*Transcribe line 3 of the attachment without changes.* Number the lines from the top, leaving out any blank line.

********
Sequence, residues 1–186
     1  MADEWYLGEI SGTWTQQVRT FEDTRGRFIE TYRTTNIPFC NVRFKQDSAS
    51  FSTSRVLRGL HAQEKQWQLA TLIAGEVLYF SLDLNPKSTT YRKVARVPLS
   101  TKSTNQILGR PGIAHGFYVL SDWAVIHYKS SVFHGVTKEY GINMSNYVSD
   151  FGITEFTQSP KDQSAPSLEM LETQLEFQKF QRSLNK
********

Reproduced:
    51  FSTSRVLRGL HAQEKQWQLA TLIAGEVLYF SLDLNPKSTT YRKVARVPLS